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Ephesians 6

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Verse 1

Eph 6:1

Ephesians 6:1

Children, obey your parents—After speaking of the rela­tions of husband and wife, next comes that of parents and chil­dren. The child is begotten, conceived, and brought into exist­ence by the parents. It is a part of themselves, each imparting of their own life and being to the child. They take care of it, sustain it, and the child looks to the parent as the parent looks to God. In gratitude to the parent and as a means of training, it is to trust and obey God as it grows older. God has always required the child to obey the parent; under the Mosaic law, he said: “If a man have a stubborn and rebellious son, that will not obey the voice of his father, or the voice of his mother, and, though they chasten him, will not hearken unto them; then shall his father and his mother lay hold on him, and bring him out unto the elders of his city, and unto the gate of his place; and they shall say unto the elders of his city, This our son is stubborn and rebellious, he will not obey our voice; he is a glutton, and a drunkard. And all the men of his city shall stone him to death with stones: so shalt thou put away the evil from the midst of thee; and all Israel shall hear, and fear.” (Deuteronomy 21:18-21). This was a son in his minority, but when the parents grow old and infirm in body and mind, and the child has reached the strength and wisdom of man­hood, honor then demands support and help, but always with deference, kindness, and respect.

in the Lord:—This limits the submission. That is, whatever can be done in obedience to the parents without violating the law of God, that do; but beyond this no child dare go without deep condemnation upon itself. The fearful doom of those who fail to obey God in order to please parents or propitiate the world is given in the following: “He that hath my commandments, and keepeth them, he it is that loveth me: and he that loveth me shall be loved of my Father, and I will love him, and will manifest myself unto him. ... If a man love me, he will keep my word: and my Father will love him, and we will come unto him, and make our abode with him. He that loveth me not keepeth not my words: and the word which ye hear is not mine, but the Father’s who sent me.” (John 14:21-24). When one does the will of parents rather than obey the commandments of God, or when he fails to do the commandments of God to please any earthly being, he shows that he loves that being more than he loves God. Whenever one fails to bear whatever cross stands in his way, he fails to obey God in order to save his life even, he cannot be a disciple of the Lord. (Luke 14:26-27; Luke 17:33).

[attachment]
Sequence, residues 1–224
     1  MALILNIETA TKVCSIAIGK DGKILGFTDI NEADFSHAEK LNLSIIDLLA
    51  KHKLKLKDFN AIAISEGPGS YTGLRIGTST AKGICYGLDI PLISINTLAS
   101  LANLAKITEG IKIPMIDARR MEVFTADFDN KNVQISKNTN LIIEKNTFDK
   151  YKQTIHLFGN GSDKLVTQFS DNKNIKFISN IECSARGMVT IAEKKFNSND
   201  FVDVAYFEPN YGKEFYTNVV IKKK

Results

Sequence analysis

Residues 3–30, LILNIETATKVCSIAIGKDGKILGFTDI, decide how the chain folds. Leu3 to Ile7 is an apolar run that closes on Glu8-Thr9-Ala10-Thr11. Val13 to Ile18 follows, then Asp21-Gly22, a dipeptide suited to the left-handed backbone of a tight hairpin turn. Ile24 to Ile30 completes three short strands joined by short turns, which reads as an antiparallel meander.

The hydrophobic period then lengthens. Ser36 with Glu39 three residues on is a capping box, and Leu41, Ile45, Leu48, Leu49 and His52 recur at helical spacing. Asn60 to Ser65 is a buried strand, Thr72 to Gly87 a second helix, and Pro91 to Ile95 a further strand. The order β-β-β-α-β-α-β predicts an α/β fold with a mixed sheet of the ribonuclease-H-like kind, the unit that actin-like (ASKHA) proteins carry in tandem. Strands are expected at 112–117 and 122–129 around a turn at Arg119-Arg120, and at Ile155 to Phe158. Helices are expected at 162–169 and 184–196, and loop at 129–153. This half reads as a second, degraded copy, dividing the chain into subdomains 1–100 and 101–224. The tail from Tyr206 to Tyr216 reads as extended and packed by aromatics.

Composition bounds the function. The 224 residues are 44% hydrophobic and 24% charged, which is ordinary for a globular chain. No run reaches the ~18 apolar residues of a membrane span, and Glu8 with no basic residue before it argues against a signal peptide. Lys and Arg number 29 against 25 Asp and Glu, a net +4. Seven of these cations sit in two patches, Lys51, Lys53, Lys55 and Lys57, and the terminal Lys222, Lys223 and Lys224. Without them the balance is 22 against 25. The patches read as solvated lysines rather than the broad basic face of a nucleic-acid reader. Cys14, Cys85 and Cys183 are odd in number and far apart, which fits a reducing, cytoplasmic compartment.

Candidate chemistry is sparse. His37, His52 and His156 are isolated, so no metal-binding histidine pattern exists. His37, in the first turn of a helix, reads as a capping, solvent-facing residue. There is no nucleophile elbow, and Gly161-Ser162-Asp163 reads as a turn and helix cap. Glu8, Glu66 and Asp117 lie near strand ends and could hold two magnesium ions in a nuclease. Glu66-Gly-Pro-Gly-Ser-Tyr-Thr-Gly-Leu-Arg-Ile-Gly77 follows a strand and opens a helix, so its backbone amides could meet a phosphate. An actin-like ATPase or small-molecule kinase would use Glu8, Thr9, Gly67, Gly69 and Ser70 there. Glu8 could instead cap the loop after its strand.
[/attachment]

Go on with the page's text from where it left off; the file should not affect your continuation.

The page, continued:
for this is right.—The same obligation and restriction in obeying parents, not only for gratitude and love of the parent, but because God requires it. In obeying the parent the child obeys God. This is the added obligation. But the child old enough to be accountable to God is under higher obligation to obey God than it is to obey the parent. It must disobey the parent in order to obey God when their requirements conflict. The first duty is to God.

Verse 2

Eph 6:2

Ephesians 6:2

Honor thy father and mother (which is the first command­ment with promise),—This is one of the ten commandments written on tables of stone at Sinai. To honor father and mother is to discharge faithfully the duties the child owes them—obedi­ence in childhood, respect, reverence through life, tender care, and support in old age, and kindness and love at all times. This is the first commandment that has a specific promise connected with it.